Translation of acceptance in Spanish:

acceptance

Pronunciation: /əkˈseptəns/

noun/nombre

  • 1 1.1 u and c (of offer, responsibility, job) aceptación (feminine)
    More example sentences
    • Typically courteous, he began his acceptance speech by offering copious thanks to all and sundry.
    • The commentary was her acceptance speech upon receiving the American Psychological Society's William James Fellow Award.
    • While Dr Mullins has received irrevocable acceptances of his offer from shareholders, owning 36% of the company, it is now considered a near certainty that the buyout will fail.
    1.2 uncountable/no numerable (of authority, decision) aceptación (feminine) this does not imply our acceptance of your terms eso no implica que aceptemos sus condiciones 1.3 u and c (of bill, terms, risk) aceptación (feminine)
    More example sentences
    • In our age, the term has become almost synonymous with an irrational acceptance of beliefs for which we lack evidence.
    • ‘Due to the very favourable acceptance of the idea by the French people, the holiday is now celebrated all over the world,’ said Venkova.
    • ‘Very good, that one,’ he reiterates his acceptance of my ideas.
  • 2 uncountable/no numerable (approval) aprobación (feminine) the proposal met with universal acceptance la propuesta obtuvo la aprobación de todos, la propuesta gozó del beneplácito de todos she finally won acceptance for her plan finalmente logró que su plan fuera aceptado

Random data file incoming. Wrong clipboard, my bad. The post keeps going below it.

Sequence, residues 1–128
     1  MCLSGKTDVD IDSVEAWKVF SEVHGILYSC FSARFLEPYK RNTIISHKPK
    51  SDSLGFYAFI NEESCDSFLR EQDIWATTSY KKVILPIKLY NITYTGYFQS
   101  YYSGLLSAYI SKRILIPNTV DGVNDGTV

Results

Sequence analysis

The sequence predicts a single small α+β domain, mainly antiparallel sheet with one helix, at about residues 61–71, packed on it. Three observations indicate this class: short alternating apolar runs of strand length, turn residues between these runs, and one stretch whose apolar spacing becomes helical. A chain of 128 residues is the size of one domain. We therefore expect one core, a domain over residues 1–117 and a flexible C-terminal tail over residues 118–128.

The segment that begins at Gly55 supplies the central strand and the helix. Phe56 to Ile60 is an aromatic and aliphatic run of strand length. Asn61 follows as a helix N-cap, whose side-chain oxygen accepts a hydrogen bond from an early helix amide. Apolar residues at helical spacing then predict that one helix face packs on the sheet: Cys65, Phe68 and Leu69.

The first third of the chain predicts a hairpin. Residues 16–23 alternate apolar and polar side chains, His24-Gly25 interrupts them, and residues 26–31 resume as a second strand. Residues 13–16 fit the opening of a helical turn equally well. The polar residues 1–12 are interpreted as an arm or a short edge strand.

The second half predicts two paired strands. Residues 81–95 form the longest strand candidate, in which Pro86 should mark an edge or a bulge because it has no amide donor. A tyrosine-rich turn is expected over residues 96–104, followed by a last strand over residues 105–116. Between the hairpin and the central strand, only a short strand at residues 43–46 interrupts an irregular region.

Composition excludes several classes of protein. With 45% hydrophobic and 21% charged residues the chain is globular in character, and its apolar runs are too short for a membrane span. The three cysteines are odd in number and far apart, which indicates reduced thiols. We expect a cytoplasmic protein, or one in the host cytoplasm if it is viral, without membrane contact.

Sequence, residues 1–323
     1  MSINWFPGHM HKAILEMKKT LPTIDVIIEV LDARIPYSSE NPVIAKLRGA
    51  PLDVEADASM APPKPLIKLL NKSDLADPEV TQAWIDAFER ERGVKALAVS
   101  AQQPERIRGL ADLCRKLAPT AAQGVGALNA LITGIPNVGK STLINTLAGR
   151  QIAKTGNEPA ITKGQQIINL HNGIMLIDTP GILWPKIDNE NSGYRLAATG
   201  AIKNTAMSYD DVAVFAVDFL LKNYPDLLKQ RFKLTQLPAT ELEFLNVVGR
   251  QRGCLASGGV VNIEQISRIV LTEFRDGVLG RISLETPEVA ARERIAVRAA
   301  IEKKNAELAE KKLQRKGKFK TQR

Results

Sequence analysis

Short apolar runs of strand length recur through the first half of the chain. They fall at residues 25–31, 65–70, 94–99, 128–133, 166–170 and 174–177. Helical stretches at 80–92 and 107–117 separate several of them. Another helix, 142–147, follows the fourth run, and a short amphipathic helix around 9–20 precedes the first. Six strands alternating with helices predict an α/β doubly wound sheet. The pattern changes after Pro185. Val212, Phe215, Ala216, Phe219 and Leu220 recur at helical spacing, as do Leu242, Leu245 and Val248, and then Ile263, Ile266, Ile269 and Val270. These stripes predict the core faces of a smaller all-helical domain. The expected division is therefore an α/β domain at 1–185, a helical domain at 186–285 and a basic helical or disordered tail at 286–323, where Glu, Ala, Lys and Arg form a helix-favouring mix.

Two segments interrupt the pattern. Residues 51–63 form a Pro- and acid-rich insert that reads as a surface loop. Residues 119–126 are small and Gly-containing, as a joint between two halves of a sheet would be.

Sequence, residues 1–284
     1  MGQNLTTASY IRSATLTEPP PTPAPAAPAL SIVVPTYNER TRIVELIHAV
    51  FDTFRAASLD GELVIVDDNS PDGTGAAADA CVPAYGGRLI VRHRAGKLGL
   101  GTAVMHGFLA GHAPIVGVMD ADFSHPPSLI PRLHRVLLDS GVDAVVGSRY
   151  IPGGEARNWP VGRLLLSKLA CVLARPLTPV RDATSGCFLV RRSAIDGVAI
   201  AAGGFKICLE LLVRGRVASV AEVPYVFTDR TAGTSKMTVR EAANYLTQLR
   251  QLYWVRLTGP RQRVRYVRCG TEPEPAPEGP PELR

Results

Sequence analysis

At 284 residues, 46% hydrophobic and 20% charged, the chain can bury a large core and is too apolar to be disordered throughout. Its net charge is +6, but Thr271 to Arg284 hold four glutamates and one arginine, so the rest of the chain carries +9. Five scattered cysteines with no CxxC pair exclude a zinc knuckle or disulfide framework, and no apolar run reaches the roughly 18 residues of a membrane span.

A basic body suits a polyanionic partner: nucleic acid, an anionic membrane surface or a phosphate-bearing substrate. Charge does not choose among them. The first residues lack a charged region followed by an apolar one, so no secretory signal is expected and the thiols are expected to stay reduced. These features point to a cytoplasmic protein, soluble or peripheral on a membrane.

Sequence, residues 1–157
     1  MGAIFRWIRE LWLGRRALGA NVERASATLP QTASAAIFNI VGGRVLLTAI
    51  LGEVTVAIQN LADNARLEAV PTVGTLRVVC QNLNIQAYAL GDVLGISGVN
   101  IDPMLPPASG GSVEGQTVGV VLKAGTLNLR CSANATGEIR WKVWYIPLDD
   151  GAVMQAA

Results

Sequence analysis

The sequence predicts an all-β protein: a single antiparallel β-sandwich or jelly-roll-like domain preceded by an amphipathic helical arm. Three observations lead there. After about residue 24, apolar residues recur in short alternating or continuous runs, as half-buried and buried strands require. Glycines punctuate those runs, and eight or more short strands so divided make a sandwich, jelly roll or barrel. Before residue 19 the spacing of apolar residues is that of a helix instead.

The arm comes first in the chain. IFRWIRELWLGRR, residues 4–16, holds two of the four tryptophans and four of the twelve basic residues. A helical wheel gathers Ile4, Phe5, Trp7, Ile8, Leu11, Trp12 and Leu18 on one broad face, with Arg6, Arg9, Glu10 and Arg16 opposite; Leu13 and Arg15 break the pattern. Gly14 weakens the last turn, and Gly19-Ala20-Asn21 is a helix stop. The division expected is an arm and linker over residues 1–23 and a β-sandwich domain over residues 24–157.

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Cultural fact of the day

Spain had three civil wars known as the guerras carlistas (1833-39, 1860, 1872-76). When Fernando VII died in 1833, he was succeeded not by his brother the Infante Don Carlos de Borbón, but by his daughter Isabel, under the regency of her mother María Cristina. This provoked a mainly northern-Spanish revolt, with local guerrillas pitted against the forces of the central government. The Carlist Wars were also a confrontation between conservative rural Catholic Spain, especially the Basque provinces and Aragón, led by the carlistas, and the progressive liberal urban middle classes allied with the army. Carlos died in 1855, but the carlistas, representing political and religious traditionalism, supported his descendants' claims until reconciliation in 1977 with King Juan Carlos.